- Fixed in Warband, you will also start with a practice knife if you spawn if a bow. While it can't block, it can at least fight back and if you are strong enough disrupt attacks.
- Fallout and Fallout 2 have the Mauser pistol, a one-of-a-kind weapon in Fallout and one of the rarest guns in the sequel. It's also the only weapon in both games to use 9mm ammunition, which is very rare in and of itself and so must be carefully managed if one intends to use it. Obviously the Mauser must be one of the most powerful small guns, right? Wrong: it's one of the weakest, with no redeeming features whatsoever - not even a high selling price. One wonders why the devs even bothered putting it, and its very own ammo type, in the game at all.
- Fallout 3 has the Chinese Pistol. Despite using the same ammunition as the 10mm, it has 2 fewer shots, is no faster or more accurate, does less than half the damage of its American counterpart, and does not come in a silenced version. Its only saving graces are that it sells for a fair deal of cash, and that it has more than twice the durability of the regular 10mm. The latter is just about useless, as the low damage makes degradation approximately equal to that of the 10mm.
- The unique variant is more useful, as it is capable of setting enemies on fire in addition to the base damage. In spite of this, it's still probably one of the least powerful unique weapons out there (even weaker than many regular weapons) and is only good for supplementing another firearm or for lighting up occasional pockets of gas.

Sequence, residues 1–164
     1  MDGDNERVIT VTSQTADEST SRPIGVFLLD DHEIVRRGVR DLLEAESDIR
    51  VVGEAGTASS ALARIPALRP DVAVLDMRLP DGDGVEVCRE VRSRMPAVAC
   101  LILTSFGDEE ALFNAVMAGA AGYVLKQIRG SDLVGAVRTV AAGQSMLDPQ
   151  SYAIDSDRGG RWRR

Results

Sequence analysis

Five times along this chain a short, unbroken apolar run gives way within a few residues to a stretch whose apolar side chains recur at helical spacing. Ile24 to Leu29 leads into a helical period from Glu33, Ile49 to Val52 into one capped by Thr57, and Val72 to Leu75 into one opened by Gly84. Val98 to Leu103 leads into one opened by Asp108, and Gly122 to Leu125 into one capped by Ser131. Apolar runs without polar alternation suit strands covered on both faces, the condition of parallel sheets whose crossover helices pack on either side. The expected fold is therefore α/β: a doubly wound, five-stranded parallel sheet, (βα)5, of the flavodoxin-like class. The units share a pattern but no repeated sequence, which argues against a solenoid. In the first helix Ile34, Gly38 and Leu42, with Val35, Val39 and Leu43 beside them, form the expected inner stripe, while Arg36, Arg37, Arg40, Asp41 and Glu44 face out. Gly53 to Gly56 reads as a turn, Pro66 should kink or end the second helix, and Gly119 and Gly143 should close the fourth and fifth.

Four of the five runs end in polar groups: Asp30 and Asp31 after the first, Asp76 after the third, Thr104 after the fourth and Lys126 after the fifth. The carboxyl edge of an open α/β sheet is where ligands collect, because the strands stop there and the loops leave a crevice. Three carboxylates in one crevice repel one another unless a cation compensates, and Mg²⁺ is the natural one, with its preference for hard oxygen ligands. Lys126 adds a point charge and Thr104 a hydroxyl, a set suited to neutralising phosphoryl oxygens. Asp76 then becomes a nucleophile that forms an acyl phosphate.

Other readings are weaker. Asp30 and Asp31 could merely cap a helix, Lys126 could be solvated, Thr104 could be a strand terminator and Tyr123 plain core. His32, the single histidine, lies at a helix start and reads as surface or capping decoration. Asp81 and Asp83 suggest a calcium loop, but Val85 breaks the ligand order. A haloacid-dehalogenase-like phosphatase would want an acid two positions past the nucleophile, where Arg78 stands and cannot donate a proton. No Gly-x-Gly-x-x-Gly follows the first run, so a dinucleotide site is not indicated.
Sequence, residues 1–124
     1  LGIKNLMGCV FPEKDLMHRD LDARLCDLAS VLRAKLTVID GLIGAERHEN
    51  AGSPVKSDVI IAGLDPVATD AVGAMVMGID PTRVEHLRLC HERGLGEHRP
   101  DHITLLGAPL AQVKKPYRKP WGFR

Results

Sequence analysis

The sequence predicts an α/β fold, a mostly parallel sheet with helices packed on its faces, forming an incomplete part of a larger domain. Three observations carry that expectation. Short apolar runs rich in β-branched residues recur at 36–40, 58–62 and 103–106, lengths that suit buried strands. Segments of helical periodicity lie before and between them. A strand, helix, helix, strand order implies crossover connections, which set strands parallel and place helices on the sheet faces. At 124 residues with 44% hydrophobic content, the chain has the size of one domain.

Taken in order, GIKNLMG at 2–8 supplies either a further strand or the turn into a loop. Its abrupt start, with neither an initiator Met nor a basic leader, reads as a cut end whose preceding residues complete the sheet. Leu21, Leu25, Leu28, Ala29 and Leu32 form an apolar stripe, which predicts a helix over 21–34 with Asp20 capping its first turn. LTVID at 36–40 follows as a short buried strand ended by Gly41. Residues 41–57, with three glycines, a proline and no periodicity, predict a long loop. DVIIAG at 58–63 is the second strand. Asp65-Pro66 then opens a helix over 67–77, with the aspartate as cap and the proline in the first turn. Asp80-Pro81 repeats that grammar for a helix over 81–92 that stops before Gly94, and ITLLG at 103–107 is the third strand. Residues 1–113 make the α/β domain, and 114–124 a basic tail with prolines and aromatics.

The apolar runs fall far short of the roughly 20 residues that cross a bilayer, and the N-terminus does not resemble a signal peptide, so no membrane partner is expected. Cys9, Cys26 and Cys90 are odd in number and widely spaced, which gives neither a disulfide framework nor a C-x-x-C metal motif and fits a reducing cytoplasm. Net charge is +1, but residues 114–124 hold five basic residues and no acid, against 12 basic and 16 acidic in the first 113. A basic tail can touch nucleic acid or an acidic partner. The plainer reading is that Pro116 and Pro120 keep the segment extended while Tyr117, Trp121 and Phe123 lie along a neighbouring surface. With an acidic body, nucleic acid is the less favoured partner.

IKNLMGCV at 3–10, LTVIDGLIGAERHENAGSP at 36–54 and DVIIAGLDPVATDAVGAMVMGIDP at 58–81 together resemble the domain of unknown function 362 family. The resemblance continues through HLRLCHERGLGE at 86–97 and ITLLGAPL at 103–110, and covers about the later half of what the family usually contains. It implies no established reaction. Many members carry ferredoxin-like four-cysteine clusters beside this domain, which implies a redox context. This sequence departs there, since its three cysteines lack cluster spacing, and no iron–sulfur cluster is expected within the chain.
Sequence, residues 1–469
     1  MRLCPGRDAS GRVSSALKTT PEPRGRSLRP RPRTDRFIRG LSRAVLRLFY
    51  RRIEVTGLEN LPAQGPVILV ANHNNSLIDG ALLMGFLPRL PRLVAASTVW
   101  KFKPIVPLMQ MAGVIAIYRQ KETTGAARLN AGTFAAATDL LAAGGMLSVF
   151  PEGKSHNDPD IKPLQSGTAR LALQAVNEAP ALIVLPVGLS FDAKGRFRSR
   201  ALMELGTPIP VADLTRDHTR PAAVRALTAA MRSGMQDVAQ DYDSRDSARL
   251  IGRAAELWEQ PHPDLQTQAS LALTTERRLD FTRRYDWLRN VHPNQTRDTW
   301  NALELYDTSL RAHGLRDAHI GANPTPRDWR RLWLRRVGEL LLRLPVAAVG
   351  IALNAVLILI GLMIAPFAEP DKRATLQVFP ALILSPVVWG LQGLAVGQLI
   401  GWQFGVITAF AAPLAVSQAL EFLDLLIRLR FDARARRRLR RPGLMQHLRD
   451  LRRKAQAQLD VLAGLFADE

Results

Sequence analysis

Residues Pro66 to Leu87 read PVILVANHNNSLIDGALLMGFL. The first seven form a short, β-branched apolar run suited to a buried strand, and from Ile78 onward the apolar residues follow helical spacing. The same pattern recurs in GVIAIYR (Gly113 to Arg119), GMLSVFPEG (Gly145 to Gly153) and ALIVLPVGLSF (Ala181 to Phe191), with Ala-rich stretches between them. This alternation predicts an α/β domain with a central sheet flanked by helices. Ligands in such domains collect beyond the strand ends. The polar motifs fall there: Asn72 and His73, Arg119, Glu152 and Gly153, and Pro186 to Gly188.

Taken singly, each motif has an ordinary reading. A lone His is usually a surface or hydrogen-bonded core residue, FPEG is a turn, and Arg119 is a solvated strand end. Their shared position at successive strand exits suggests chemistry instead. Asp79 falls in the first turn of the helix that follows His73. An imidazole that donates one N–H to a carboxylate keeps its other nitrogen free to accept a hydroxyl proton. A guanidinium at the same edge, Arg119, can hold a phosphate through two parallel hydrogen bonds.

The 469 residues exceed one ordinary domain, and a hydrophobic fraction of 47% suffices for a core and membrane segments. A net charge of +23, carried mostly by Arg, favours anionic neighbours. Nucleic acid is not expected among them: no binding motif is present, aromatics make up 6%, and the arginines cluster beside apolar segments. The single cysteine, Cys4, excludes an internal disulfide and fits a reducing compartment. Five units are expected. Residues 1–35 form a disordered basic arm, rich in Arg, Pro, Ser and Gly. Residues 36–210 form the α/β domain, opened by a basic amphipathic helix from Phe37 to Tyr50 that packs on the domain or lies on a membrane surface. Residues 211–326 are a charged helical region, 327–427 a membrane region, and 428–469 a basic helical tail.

- In the Final Fantasy series, any weapon with randomized damage, i.e. axes, especially once your attack power goes high enough that randomization only hurts your damage potential.
- In Fire Emblem, Devil Axes. More likely to kill you than your enemy, and pretty inaccurate to boot.
- They do, however, gave a huge amount of weapon exp, meaning they're mostly used for grinding a character's axe skill. The risk of killing yourself is still pretty frustrating though.
- Certain skills in Guild Wars are either completely useless or completely outclassed, although this changes from time to time based on buffs and nerfs.
- some are also useless because they're absolute clones of others.
- Specific mods for Knights of the Old Republic, made by a specific modder, would include the 'broken bottle' as a joke. It's clearly tailored to be useless in any way possible, dealing exactly one point of damage, and providing a large array of penalties, making sure that nobody would use it. It's description refers to it as a "crude weapon of an uncivilized age".